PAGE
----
On Saturday, December 5, I had the pleasure of joining about 30-40 other participants at the "Conscience Unconference" in Washington DC, sponsored by the US Holocaust Memorial Museum and the Center for History and New Media. Having experienced a few unconferences before, I knew coming in that the quality of the experience would lie largely in the expertise, effort and engagement of the participants who showed up, as well as the skill of the facilitators in creating a collaborative environment.
Luckily, both those conditions were more than fulfilled at the Conscience Unconference.
There were a host of very interesting proposed sessions that I wanted to participate in. In the end, I went to the sessions on digital games / virtual worlds, youth-produced video, a discussion on participation, a "nuts-and-bolts" roundtable, and the challenges of teaching using social media. More importantly, I made several personal connections with individuals from a number of important institutions that are interested in using social media to reach new audiences, spur civic action, and connect people across distance.
I really enjoyed facilitating the session on digital games and human rights education. This session had participants from a range of institutions including the Lower Eastside Tenement Museum, the University of the Andes, the US Institute of Peace, Education for Justice, the Center for Social Media, the American Museum of Natural History, and the US Holocaust Memorial Museum. The group shared how their own institutions were thinking about serious games as educational media and human rights advocacy, and some of the challenges they were facing.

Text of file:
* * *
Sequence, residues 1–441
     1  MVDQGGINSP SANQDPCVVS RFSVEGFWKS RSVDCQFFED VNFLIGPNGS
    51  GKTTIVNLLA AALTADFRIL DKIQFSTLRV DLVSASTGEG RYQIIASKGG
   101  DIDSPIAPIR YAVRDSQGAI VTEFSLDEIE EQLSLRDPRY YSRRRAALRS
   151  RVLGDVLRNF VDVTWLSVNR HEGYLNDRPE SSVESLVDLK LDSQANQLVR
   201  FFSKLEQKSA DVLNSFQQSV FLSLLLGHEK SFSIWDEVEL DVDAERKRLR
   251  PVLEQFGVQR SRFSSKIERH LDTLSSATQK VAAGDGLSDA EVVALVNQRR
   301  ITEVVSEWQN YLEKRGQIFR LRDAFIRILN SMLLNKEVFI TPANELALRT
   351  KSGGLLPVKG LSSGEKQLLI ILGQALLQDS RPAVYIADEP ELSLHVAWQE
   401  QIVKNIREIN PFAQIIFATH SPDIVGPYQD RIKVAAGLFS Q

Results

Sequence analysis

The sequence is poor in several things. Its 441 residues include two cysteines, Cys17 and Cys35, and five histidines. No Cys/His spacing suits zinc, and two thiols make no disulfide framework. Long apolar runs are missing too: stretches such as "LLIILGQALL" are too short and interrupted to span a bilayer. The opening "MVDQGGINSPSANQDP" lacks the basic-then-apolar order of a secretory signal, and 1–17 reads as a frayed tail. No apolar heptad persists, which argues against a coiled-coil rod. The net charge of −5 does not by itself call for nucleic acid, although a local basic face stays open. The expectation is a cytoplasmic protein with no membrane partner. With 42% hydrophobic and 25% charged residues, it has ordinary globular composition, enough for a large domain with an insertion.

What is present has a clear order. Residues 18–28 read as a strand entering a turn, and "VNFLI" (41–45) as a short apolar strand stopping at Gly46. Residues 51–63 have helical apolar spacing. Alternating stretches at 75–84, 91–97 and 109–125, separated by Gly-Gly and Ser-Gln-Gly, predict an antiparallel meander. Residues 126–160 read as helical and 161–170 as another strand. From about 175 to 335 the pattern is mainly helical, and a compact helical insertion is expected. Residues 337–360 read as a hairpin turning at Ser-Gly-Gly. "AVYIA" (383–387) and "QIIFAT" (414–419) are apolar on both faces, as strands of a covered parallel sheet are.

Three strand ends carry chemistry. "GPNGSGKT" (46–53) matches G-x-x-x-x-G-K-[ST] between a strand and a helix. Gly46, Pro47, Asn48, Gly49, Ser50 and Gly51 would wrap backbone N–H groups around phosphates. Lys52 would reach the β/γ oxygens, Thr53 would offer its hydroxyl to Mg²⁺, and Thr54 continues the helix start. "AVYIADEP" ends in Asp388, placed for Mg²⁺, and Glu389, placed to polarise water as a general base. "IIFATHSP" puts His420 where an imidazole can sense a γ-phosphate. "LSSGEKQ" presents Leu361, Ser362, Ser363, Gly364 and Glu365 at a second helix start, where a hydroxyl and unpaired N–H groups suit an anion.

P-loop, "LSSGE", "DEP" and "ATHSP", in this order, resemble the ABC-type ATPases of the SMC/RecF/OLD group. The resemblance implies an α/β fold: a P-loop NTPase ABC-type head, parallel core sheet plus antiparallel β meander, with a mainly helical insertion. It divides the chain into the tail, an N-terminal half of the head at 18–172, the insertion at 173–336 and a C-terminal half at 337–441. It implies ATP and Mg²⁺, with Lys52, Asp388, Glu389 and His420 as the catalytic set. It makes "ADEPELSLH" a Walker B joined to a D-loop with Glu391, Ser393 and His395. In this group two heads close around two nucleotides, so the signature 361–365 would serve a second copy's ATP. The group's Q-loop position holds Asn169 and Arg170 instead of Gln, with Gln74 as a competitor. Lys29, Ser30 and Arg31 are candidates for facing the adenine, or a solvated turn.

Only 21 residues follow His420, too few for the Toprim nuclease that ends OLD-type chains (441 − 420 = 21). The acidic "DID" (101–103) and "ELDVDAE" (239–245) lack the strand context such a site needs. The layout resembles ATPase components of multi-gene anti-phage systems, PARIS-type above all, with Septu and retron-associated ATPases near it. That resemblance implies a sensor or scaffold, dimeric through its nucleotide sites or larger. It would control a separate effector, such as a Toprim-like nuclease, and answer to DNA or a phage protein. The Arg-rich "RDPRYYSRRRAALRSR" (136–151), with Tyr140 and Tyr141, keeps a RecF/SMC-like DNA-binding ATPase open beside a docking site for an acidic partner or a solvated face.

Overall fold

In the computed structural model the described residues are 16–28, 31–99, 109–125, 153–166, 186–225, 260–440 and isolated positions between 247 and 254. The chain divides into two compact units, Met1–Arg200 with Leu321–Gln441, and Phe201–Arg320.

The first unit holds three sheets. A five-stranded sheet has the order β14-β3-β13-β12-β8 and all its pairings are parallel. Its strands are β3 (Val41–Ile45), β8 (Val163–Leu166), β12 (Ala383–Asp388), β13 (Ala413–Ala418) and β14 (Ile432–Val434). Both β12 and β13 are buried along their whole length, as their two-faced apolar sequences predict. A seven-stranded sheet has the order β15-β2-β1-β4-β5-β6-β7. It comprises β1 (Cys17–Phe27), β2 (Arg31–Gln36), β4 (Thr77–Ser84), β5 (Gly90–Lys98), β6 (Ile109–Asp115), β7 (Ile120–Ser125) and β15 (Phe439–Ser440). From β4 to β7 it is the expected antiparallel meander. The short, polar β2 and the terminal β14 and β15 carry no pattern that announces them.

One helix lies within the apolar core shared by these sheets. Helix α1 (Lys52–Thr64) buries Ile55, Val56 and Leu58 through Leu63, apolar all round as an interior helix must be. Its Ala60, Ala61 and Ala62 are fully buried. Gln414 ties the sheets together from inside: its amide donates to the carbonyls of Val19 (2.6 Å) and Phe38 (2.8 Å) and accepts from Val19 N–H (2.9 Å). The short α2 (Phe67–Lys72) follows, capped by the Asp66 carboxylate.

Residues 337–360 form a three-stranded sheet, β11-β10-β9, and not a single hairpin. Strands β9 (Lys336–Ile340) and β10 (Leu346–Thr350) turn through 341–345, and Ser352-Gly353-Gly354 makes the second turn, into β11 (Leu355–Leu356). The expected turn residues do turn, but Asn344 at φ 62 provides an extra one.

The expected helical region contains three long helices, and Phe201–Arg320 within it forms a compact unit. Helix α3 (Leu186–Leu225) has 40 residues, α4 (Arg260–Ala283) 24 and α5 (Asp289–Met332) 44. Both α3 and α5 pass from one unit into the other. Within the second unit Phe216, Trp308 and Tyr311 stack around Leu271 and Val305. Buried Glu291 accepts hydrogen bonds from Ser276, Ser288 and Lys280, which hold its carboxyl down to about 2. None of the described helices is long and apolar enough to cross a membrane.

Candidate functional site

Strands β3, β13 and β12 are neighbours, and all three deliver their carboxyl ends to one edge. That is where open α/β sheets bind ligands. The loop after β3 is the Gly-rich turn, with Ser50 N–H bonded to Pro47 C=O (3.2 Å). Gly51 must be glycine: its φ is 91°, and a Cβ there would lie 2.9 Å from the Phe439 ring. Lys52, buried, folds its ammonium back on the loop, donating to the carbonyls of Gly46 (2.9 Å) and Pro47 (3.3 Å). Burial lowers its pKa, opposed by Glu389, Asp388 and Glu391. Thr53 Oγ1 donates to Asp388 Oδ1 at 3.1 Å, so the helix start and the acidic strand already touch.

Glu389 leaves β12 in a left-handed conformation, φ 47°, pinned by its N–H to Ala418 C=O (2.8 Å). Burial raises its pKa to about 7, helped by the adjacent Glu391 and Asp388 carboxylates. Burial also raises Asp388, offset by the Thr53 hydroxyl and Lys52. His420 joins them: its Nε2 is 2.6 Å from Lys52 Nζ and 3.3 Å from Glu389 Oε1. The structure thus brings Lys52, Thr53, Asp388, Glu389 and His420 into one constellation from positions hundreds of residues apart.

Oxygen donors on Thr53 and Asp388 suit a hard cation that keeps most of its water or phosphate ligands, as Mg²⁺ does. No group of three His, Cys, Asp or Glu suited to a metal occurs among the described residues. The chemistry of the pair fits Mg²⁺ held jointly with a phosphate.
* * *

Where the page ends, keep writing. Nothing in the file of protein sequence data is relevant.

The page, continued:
Among the issues we talked about:
- How to expand your institution's audience using serious games
- The nuts-and-bolts process of creating games and working with game developers
- Creating a game that spreads virally, creating a "good" game
- Keeping track of what serious games were out there and how they might be used (check out USIPs excellent Peace Media database!)
- How to portray serious and complicated issues using games
- How to measure if the players are actually learning what we want them to learn
- Creating community and stimulating group conversations via games
Prof. Jairo Eduardo Carrillo of the University of the Andes in Colombia talked about the work his department has done with college students to develop serious games on issues that are important to Colombians. The first game was on the issue of kidnapping and the government response. Another is on children in armed conflict that is linked to a feature length animated film on the same subject. Really gripping and amazing stuff going on in Colombia!
I talked about some of the serious games that Global Kids youth developed over the past three years, as well as our overall approach to youth development using social media. The three games that resulted from our "Playing 4 Keeps" program are:
We discussed some of the negative perceptions of digital games, i.e. "Grand Theft Auto", as well as the public's growing awareness of games as a legitimate form of new media. In this context, I mentioned the new and provocative Border House Blog, a site to support feminist, anti-hegemonic perspectives on digital games and virtual worlds.
All-in-all, it was a really neat session that affirmed for me the importance of games as tools for civic engagement and youth development. I'm looking forward to what develops out of these conversations and new connections.